Dr Mary Boyling's guide to skin cancer checks

Dr Mary Boyling talks us through skin cancer checks and why they’re so important.

Each year, about 3,000 people in NSW are diagnosed with melanoma and the Hunter Region has one of the highest incidences of Melanoma in the world. ¹We have a wonderful outdoor lifestyle here, but people aren't doing all they can to protect themselves from the sun. Skin cancer can affect men and women at any time of the year which is why it’s essential to check your own skin every three months. By regularly checking your own skin, you may notice moles that are changing as well as identifying new moles. The earlier you find a cancerous mole, the easier the treatment and the better the outcomes.

With a bit of practice most people can complete a whole-body skin check in about 15 minutes. It’s important to undress completely and make sure you have good lighting. Use a full-length mirror and a hand-held mirror to check the areas you can’t see easily, or ask a family member or friend to help. Make sure you check your entire body as skin cancers can sometimes occur in parts of the body not exposed to the sun, for example the soles of the feet, between the fingers and toes and under the nails.

To spot either melanomas or non-melanoma skin cancers such as basal cell carcinoma and squamous cell carcinoma, take note of any new moles or growths, and any existing spots that begin to grow or change significantly in any other way.  Lesions that change, itch, bleed, or don't heal should be investigated further.

The A.B.C.D. rule for skin cancer checks
The A.B.C.D. rule is a well-established guide for identifying cancerous moles. Melanoma can have any one of the following features:

A is for Asymmetry
A is for Asymmetry - Look for spots that lack symmetry. That is, if a line was drawn through the middle, the two sides would not match up.

 

 

B
B is for Border - A spot with a spreading or irregular edge (notched).

 

 

C is for colour
C is for Colour - Blotchy spots with a number of colours such as black, blue, red, white and/or grey.

 

 

D is for Diameter
D is for Diameter - Look for spots that are getting bigger.

 

The E.F.G. detection guide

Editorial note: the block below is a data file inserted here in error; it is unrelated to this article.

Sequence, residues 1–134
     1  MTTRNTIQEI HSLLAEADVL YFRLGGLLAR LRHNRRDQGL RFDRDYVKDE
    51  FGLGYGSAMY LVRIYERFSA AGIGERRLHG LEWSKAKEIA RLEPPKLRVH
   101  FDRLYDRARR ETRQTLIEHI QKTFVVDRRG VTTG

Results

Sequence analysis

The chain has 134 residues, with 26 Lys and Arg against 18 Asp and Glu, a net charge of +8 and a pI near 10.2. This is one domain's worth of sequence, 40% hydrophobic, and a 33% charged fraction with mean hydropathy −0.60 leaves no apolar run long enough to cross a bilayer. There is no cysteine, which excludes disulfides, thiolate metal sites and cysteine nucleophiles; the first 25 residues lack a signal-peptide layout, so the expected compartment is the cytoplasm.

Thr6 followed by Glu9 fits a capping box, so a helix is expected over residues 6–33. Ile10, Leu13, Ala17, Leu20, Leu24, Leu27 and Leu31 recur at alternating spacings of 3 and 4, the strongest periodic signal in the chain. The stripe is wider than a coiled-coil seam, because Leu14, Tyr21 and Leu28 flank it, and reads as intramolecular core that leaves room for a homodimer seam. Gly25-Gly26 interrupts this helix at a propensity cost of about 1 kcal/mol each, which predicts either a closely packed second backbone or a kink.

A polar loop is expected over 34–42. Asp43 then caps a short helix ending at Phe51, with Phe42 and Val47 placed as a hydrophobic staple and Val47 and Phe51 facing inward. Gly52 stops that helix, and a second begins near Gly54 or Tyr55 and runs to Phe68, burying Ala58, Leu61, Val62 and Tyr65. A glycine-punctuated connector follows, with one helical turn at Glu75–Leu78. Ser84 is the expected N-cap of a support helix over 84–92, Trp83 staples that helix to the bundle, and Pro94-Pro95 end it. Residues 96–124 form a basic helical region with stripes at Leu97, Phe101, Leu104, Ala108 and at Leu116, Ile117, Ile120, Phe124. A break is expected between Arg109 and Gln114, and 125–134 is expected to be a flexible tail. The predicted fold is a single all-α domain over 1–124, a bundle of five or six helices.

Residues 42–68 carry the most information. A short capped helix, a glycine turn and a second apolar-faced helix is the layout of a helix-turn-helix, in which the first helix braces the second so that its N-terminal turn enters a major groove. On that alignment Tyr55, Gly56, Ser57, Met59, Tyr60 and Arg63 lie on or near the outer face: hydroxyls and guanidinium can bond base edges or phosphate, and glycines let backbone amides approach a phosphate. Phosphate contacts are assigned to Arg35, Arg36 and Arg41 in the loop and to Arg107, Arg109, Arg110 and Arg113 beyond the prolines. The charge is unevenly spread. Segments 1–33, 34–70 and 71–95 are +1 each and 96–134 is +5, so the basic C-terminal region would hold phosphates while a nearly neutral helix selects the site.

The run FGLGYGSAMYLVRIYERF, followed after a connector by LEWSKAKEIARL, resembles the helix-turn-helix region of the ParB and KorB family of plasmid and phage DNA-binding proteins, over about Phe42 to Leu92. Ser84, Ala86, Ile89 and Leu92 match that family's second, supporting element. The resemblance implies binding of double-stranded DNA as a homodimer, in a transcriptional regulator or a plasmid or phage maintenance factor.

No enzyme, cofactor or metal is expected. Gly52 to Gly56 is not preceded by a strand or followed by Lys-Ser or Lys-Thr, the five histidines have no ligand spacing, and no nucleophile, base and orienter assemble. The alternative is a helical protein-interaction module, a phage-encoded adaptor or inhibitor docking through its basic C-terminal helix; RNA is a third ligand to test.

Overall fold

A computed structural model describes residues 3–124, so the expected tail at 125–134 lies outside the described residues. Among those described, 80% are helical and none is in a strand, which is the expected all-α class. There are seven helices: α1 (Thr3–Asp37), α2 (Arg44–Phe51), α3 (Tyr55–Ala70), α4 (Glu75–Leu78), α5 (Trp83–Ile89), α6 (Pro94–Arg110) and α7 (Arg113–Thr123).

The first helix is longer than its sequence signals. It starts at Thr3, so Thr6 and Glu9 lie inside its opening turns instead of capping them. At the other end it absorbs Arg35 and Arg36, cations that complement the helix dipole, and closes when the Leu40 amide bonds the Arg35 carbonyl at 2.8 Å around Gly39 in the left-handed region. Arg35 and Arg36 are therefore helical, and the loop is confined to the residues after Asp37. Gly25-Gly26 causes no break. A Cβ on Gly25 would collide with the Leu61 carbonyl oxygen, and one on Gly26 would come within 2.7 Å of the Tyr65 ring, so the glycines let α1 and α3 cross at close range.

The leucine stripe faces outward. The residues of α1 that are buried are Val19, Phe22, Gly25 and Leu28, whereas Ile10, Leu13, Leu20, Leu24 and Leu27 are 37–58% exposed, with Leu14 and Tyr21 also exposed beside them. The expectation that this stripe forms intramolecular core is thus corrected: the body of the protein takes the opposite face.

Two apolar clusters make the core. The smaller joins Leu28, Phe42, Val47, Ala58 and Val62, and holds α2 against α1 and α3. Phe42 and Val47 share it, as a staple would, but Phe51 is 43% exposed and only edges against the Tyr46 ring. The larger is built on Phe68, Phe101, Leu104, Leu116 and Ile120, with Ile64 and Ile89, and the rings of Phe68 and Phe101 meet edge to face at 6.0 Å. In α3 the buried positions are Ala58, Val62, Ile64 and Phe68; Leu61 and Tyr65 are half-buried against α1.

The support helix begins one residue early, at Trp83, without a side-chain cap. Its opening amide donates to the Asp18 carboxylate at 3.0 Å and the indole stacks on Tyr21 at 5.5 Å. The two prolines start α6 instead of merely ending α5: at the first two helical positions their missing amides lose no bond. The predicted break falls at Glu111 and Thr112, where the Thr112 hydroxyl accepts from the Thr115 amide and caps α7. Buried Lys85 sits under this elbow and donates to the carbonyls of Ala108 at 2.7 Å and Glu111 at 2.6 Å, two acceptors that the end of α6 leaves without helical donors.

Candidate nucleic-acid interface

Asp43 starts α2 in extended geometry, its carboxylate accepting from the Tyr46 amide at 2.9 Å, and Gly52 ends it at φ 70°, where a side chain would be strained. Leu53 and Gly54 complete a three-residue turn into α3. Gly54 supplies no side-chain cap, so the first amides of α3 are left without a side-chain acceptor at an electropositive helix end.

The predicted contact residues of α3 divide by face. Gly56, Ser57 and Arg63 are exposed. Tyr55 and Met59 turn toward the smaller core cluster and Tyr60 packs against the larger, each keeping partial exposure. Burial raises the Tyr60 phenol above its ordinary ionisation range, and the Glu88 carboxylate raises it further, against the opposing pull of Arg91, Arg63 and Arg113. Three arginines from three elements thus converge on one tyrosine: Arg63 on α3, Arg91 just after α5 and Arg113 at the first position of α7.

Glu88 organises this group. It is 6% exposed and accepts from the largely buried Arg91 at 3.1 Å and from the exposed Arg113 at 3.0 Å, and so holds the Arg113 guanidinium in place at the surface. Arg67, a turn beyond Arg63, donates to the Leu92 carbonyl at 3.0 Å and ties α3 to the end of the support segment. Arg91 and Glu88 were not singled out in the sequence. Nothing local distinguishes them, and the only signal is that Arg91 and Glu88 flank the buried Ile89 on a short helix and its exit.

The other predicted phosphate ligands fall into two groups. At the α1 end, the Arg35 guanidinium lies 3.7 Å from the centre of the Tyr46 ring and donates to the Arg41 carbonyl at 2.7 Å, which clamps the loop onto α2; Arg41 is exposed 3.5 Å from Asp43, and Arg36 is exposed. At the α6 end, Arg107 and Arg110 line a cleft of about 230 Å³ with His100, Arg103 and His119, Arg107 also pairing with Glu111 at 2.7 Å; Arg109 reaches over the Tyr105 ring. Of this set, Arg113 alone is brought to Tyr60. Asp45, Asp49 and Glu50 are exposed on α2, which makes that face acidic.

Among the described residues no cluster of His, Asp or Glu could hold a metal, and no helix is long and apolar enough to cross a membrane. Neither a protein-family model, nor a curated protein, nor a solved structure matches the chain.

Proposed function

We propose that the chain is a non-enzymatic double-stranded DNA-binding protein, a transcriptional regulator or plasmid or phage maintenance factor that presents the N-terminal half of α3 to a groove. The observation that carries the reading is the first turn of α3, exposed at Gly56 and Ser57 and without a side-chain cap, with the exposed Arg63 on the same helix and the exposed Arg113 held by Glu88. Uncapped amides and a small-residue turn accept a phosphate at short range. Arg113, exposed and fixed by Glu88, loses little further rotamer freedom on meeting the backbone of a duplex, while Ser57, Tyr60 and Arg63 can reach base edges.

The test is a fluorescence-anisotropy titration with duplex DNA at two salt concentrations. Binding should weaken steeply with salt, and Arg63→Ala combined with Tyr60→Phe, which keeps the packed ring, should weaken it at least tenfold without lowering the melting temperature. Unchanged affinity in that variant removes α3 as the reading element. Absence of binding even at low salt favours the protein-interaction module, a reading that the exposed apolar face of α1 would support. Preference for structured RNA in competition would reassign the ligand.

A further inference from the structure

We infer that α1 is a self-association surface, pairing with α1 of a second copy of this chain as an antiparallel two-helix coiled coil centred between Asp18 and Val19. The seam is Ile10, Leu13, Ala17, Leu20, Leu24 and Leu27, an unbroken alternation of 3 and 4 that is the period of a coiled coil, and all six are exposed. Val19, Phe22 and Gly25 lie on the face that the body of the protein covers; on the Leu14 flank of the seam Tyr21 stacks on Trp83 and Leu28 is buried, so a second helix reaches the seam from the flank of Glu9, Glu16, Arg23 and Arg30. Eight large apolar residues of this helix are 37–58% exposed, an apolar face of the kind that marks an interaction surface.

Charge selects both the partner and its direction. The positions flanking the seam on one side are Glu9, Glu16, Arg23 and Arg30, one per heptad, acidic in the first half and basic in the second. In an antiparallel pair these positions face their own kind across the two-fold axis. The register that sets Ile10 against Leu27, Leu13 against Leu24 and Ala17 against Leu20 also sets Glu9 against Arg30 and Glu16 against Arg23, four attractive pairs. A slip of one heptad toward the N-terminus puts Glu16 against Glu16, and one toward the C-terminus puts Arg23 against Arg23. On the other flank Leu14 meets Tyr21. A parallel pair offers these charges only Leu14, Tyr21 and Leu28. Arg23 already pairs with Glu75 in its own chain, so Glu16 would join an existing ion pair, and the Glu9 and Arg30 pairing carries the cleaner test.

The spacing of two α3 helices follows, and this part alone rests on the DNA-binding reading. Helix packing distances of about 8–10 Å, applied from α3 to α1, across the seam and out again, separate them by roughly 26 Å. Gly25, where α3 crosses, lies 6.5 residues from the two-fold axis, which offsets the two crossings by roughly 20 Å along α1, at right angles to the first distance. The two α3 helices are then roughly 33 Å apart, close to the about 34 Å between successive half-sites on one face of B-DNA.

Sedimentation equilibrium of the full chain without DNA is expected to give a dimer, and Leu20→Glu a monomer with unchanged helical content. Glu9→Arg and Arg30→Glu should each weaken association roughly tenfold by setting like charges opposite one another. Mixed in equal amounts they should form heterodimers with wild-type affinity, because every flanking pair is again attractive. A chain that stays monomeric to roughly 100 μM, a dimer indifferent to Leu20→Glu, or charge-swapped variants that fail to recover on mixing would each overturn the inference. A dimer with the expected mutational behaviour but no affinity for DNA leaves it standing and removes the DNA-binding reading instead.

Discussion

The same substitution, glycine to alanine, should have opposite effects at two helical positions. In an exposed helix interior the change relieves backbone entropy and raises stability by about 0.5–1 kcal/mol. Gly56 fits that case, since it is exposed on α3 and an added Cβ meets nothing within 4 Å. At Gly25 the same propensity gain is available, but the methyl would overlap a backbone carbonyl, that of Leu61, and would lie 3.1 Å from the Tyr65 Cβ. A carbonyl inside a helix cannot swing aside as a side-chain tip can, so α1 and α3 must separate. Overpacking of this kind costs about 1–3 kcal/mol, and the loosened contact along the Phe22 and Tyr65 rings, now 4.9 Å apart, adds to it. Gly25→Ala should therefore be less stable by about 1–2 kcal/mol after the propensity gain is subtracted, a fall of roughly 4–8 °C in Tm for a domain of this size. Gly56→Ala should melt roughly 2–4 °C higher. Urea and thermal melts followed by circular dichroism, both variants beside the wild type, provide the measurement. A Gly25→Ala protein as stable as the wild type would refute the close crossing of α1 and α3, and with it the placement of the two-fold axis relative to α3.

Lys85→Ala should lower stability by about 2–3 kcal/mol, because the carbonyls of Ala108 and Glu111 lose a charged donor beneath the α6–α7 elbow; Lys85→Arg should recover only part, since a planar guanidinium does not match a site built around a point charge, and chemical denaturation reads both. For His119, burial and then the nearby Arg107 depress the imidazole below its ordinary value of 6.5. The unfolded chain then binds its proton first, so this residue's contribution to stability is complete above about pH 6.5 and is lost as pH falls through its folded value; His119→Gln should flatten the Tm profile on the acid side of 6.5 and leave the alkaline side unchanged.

The E.F.G rule was created to improve detection of nodular melanoma which does not meet the ABCD criteria. These melanomas often begin as a red nodule.²  While their appearance can be mistaken for a pimple, they are much firmer to touch. Nodular melanoma usually has all three of the following features:

  • Elevated
  •  Firm
  •  Growing for more than a month

Taking action
If you notice one or more skin changes it is important that you visit an ASCC clinic to have them investigated further. At ASCC, we conduct full-body skin checks using a magnifier called a dermatoscope which assists us to identify cancerous and benign moles. ASCC doctors have qualifications in skin cancer management which means we can rapidly diagnose skin cancer and provide the best quality treatment available. Skin cancer checks are especially important as they can help to detect skin cancer in the early stages. When detected early, 98% of skin cancers can be treated successfully so a 15-minute skin check is well worth your time.³

Dr Mary Boyling has been with the Australian Skin Cancer Clinics in Maitland since 2015.  With over 17 years of experience, Dr Mary is highly skilled in the detection and treatment of skin cancer. Her passion for skin cancer prevention and education has made her a highly sought-after doctor. Dr Mary has gained multiple qualifications including the Diploma of Skin Cancer Medicine and Surgery and the Advanced Clinical Certificate of Dermoscopy.

¹Hunter Melanoma Foundation – Fast Facts
²The Conversation - Spot the difference: harmless mole or potential skin cancer?
³Cancer Council Victoria – Be Sun Smart

 

 

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